Configuring OCS SIP Trunking with Gradwell


As some of you may know, over the last few weeks I have been setting up a complete OCS 2007 R2 deployment at home to get more familiar with how it all hangs together!

Part of that deployment of course includes Enterprise Voice, and realistically, without connecting the system to the PSTN my testing options were rather limited!

At first I tried this by using my Audiocodes MP114 gateway plugged into my home phone line, and whilst this worked fine, I was limited to only one line.

So I decided to consider implementing SIP trunking to an ITSP. Clearly the main issue with that is that OCS requires a SIP over TCP connection rather than the more common SIP over UDP connection.

Therefore I was most pleased when I bumped into Peter Gradwell at the UCExpo at Olympia. We had discussed this options previously and now moved forward.

What follows is an explanation of how I setup OCS to talk to the Gradwell systems being used to pilot connectivity to OCS.

The first steps were for Gradwell to set me up with a few numbers and then to provision me an account on their VPN system so that I could connect to their network. Another option would have been to put a Public IP address on a NIC on my Mediation server, but this is not what Microsoft recommends and also I didn?t have a spare public IP!

So back to the Mediation server, realistically if doing this in production, it would be normal to have a network device connect to the VPN, but given the pilot nature of this system, I setup the VPN on the Mediation server itself.

I configured the VPN to talk to the host IP given by Gradwell and followed their instructions about security which included;

On the options tab click PPP Settings and remove all check boxes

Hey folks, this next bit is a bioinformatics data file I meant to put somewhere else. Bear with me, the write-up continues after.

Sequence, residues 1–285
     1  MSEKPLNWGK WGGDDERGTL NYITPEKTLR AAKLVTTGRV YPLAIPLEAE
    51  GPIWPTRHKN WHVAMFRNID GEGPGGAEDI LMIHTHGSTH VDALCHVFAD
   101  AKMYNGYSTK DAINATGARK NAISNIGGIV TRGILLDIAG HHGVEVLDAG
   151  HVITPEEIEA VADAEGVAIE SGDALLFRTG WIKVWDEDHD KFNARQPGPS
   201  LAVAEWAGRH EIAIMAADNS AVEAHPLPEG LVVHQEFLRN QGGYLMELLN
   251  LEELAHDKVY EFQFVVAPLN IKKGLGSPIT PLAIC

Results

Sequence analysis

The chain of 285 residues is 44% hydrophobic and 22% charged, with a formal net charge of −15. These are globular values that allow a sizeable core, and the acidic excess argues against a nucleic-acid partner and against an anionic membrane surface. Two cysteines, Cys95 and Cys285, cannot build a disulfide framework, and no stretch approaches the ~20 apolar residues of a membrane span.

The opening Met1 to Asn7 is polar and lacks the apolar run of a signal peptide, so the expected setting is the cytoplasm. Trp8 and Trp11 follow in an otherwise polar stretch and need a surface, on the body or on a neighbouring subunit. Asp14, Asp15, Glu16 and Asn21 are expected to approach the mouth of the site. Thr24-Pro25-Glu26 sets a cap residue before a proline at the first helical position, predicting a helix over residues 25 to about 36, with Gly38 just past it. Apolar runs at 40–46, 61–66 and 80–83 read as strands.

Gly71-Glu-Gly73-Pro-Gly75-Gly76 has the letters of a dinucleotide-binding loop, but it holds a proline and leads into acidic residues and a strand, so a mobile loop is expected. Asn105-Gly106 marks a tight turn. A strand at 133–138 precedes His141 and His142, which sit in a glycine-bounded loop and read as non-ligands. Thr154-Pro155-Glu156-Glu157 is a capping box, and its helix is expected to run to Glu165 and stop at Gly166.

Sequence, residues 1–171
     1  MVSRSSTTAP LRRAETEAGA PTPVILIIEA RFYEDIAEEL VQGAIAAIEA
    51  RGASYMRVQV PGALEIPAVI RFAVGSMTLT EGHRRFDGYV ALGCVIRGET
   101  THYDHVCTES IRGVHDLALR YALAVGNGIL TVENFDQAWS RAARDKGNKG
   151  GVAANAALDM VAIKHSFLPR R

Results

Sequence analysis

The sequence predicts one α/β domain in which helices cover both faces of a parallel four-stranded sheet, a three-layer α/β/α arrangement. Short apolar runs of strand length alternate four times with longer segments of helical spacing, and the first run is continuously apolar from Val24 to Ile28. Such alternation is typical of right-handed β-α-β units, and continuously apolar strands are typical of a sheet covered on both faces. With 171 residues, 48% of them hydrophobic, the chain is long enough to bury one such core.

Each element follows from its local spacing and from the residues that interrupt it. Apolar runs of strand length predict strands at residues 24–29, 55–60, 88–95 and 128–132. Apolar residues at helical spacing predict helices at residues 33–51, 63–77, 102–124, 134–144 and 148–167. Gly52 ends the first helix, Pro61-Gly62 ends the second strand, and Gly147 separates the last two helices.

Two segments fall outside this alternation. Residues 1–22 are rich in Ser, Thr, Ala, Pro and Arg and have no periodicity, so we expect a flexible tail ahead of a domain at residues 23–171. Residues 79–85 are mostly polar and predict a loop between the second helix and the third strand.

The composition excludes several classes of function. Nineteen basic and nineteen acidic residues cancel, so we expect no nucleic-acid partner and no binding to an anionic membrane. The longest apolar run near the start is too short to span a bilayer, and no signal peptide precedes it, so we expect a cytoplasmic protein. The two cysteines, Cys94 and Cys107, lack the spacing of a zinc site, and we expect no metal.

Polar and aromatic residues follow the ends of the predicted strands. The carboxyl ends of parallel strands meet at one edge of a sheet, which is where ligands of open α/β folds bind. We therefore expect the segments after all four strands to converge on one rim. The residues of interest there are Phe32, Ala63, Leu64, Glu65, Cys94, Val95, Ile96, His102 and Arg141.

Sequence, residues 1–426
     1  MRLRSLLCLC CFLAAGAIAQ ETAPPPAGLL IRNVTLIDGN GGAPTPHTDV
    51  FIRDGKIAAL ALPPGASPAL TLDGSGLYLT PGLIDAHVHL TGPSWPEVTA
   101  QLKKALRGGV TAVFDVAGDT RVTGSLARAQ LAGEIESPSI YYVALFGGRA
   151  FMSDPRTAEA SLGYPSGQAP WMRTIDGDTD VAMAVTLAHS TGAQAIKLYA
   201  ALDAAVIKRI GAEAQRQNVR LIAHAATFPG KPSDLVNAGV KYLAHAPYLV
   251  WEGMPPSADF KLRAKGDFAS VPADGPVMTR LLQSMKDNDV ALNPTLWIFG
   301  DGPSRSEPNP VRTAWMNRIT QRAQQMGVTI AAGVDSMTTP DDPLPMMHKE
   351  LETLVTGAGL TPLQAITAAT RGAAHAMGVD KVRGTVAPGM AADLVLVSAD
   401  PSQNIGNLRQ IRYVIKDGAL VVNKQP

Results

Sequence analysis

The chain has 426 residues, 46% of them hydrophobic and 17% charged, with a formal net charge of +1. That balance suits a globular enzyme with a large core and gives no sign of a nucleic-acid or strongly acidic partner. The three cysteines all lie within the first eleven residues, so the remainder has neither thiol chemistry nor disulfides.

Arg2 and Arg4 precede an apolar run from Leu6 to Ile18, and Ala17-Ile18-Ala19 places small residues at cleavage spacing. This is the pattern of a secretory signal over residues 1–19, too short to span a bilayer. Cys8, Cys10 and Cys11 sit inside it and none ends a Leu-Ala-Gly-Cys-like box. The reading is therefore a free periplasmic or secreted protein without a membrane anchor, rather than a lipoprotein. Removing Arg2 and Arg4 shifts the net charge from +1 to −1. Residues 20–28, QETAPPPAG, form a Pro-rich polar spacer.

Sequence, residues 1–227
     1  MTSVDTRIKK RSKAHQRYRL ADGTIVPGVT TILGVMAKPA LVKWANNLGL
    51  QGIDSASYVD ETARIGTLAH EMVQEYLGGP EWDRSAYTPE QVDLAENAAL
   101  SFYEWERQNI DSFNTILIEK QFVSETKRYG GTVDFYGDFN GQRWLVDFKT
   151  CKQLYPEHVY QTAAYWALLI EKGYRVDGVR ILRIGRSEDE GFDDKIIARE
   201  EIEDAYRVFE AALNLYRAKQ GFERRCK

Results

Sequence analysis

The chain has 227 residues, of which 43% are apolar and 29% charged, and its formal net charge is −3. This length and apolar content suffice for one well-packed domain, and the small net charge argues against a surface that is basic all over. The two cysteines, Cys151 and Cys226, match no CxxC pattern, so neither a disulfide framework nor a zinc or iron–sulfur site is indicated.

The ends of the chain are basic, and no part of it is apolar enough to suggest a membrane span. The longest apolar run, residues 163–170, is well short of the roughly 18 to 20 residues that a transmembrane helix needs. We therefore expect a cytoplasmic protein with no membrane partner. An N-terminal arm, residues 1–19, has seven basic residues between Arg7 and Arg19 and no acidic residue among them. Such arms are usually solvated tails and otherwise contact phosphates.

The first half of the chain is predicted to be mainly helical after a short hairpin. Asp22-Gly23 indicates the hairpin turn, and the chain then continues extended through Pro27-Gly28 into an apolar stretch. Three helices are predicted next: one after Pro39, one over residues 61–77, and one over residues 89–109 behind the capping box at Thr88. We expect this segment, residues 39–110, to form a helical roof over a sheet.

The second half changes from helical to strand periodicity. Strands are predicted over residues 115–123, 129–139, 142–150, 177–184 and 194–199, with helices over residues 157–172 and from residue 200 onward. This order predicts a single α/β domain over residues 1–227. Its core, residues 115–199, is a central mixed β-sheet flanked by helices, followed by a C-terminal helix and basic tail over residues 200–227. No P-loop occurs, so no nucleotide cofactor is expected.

On the security tab select advanced and then set the setting as below, allowing optional encryption, enabling PAP (and CHAP and MS-CHAP):


Under the networking tab, I selected PPTP VPN and most importantly, on the properties of the IPv4 protocol set it to use my internal DNS server, otherwise the mediation server picks up the DNS settings from the VPN and can?t resolve active directory!

Having established the VPN, I then setup a static route on the Mediation server so that I could ping the host where calls would be directed.

The following command was used to setup the static route

Route Add ?P MASK

At this point the Mediation server was connected to the VPN and ideally I would have simply pointed the mediation server to the VPN IP address as it?s next hop for calls.

However, as the VPN is not a fixed NIC, this is not possible.

I therefore got an additional IP assigned by Gradwell and routed via the VPN address at their end. This IP address was assigned to the second NIC in the Mediation server using the details below, the key thing being to use a subnet mask of


This done, there was one final piece of configuration which is most important!

Windows Server 2008 (which is what is on my mediation server) is more secure that server 2003 by default. Therefore traffic is not able to be forwarded between NICs.

To enable this I used the following command.

netsh interface ipv4 set int “2nd NIC name” forwarding=enabled

netsh interface ipv4 set int “vpn name” forwarding=enabled

This allowed traffic to flow from the 2nd NIC in my mediation server across to the VPN adaptor and then out to Gradwell.

At this point, I moved to the OCS R2 Admin console and drilled down to the Mediation server, right clicked and selected properties.

The gateway listening IP address was set to the second NIC mention above and configured to listen on port 5060 as shown below:


Then on the ?Next hop connections? tab I configured the mediation server to route calls to the Gradwell host required on port 5060 using TCP as shown below.


Having saved all the configuration and restarted the mediation services (or just restart the server), then I made sure the VPN was up and that Gradwell had authorised my IP addresses to make calls and tested.

It all works and I can make and receive calls over the SIP trunk!